1. In the instant petitions, HC concerned with the amendments made in the Finance Act, 1994 by the Finance Act, 2016. The previous Division Benches have come to a conclusion that no service tax is imposable and leviable on lottery, but we are dealing with the service tax on related activities in distribution and sale of lottery tickets.
2. On gleaning through various amendments made from 2010 onwards, it is evident that the service tax was intended on promotion, marketing, organizing, selling of lottery or facilitating in organizing lottery of any kind, in any other manner. By the impugned amendment a cosmetic change has been made in the Amendment Act, 2010, as initially the words “any person or any other person” was used. In 2015, it was modified to the extent that any activity carried out, for a consideration, in relation to or for facilitation of, a transaction in money except an actionable claim excluding the activity carried out (a) by a lottery distributor or selling agent in relation to promotion, marketing, organizing, selling of lottery or facilitating in organizing lottery of any kind, in any other manner. The lottery distributor or selling agent is a person appointed or authorized by a State for the purpose of some activities. By the impugned amendment the words “a person appointed or authorized by a State for the purpose of …………………. ” were substituted by the words “by a lottery distributor or selling agent on behalf of the State Government, …………….. “. The substitution does not make substantial changes and the intention remains the same in pith and substance.
3. In the case on hand, Article 268A, which was incorporated by the Constitution (Eighty-eighth Amendment) Act of 2003, has recently been omitted by the Constitution (One Hundred and First Amendment) Act, 2016. Entry 92C was inserted by the same constitutional amendment, but admittedly never notified, as pleaded by the learned counsel appearing for the parties and the same has also been omitted by the Constitution (One Hundred and First Amendment) Act, 2016. Thus, reliance can be placed on Entry 97 invoking competence to impose service tax. However, Article 268C confers power and competence on the Union-Parliament to levy service tax on the service providers for consideration.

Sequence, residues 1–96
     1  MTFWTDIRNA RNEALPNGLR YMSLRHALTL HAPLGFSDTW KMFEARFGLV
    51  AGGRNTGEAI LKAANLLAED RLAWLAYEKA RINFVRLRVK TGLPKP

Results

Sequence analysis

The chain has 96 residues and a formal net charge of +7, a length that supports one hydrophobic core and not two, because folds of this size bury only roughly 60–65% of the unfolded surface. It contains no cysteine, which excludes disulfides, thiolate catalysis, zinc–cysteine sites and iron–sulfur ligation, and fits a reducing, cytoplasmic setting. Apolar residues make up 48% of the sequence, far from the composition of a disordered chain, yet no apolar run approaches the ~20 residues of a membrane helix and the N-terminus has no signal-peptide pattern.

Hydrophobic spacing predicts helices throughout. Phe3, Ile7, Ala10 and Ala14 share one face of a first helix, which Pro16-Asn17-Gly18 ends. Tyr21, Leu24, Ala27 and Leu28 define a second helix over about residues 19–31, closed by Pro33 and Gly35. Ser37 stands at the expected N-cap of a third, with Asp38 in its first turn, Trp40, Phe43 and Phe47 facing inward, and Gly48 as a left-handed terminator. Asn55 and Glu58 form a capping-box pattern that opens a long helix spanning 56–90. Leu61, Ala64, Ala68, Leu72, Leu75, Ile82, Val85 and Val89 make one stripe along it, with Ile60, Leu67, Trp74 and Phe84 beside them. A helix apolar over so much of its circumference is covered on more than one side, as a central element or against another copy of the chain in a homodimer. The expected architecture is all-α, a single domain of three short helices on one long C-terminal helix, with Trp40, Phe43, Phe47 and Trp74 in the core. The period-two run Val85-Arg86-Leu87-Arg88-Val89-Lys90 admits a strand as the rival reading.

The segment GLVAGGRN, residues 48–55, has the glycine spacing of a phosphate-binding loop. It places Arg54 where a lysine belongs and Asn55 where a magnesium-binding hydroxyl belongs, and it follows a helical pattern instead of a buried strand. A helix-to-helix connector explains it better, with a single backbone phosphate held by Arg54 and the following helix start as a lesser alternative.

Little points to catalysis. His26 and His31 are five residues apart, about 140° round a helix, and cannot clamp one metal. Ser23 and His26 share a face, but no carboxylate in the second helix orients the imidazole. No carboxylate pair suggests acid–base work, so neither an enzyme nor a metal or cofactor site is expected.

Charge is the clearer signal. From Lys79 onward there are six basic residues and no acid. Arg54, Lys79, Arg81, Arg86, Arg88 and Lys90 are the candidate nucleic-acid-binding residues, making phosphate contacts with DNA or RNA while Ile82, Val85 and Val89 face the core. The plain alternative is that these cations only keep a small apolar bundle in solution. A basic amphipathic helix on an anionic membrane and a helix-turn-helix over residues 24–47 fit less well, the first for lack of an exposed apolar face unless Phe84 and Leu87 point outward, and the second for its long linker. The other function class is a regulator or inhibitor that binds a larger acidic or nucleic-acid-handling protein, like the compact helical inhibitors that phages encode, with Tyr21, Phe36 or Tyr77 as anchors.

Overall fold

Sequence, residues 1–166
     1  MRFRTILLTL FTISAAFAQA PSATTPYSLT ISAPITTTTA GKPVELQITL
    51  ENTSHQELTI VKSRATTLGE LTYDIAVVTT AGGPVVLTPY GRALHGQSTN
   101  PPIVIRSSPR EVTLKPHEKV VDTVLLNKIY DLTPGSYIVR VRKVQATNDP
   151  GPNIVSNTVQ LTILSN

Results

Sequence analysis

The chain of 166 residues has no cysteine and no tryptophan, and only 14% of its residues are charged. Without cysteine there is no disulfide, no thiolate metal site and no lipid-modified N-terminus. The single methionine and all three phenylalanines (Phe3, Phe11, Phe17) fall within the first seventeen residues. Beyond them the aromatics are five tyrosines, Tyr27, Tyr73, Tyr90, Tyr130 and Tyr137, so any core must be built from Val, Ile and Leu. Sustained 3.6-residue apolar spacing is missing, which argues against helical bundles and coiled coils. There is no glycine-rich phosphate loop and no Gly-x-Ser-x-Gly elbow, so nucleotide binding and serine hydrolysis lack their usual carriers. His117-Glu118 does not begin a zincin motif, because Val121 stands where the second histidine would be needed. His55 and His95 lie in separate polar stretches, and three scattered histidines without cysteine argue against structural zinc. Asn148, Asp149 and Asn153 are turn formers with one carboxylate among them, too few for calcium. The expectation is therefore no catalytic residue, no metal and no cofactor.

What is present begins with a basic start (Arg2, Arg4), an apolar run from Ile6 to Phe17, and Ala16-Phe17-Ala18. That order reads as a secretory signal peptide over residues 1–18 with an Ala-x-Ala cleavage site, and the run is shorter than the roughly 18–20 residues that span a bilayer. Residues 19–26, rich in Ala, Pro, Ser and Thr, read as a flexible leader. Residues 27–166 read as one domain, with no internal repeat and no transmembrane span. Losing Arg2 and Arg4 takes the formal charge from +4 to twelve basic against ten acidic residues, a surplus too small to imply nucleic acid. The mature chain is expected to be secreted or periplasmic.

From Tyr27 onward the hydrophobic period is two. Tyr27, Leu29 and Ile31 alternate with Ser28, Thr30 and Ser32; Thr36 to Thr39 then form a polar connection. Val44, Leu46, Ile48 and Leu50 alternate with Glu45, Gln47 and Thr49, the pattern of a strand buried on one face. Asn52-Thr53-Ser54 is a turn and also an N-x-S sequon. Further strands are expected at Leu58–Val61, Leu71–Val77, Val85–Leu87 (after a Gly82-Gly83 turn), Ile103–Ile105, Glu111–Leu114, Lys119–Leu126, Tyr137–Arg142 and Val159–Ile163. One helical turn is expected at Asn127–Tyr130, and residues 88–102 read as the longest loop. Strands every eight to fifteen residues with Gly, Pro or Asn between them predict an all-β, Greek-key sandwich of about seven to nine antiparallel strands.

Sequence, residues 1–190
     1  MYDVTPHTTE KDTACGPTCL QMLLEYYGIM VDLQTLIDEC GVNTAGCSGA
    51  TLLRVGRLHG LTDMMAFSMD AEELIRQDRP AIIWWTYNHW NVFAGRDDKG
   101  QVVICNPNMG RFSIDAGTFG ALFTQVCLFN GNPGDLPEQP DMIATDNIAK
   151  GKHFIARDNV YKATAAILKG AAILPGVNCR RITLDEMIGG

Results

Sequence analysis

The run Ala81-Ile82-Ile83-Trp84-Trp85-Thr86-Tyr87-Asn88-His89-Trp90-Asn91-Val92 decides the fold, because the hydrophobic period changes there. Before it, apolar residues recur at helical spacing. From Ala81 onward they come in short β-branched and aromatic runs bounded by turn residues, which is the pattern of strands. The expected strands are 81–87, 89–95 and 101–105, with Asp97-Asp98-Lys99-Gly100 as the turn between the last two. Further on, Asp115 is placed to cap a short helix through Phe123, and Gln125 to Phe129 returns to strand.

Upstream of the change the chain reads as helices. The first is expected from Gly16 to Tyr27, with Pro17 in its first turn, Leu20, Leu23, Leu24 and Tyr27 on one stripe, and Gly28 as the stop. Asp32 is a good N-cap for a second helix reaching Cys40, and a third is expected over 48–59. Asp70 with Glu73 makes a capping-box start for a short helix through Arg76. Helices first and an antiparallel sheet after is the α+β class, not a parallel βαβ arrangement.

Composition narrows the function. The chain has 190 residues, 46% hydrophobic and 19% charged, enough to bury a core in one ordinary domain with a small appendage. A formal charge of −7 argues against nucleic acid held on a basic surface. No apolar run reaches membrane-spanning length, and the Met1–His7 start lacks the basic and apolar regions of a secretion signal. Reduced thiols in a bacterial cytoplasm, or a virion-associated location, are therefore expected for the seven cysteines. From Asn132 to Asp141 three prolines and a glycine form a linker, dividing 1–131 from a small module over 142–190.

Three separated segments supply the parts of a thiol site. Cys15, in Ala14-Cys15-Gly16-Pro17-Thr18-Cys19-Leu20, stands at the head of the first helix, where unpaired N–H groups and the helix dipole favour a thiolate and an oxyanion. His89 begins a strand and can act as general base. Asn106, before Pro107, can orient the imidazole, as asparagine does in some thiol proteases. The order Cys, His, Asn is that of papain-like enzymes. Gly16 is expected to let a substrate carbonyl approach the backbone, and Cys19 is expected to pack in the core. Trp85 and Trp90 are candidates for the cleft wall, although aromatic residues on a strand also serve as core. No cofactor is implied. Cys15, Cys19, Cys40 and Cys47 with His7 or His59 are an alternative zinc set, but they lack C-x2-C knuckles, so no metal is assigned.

4. In T.N. Kalyana Mandapam Assn. and All India Federation of Tax Practitioners’, the Supreme Court held that service tax was made by the Parliament under the residuary powers.
5. It is deducible from the aforestated cases that the Union – Parliament is competent to impose service tax for the services rendered for consideration by a person. It is well settled principles as laid down in the cases (supra) that entries in the three lists are fields of legislation. Taxation is a distinct matter for the purpose of legislative competence and it must flow from the specific entry provided for levy and imposition of taxes. The relevant service tax leviable is not on the lottery as also submitted by the respondents, but on promotion, marketing, organizing, selling of lottery or facilitating in organizing lottery of any kind, in any other manner.
6. For the analysis and reasons mentioned hereinabove, we are of the considered and conscience view that the Union-Parliament is conferred with the power and competence under Article 268A read with Entry 97, List I (Union List) to impose and levy service tax on other related activities, as aforestated. The impugned amendment brought in Finance Act, 2016 is not unconstitutional.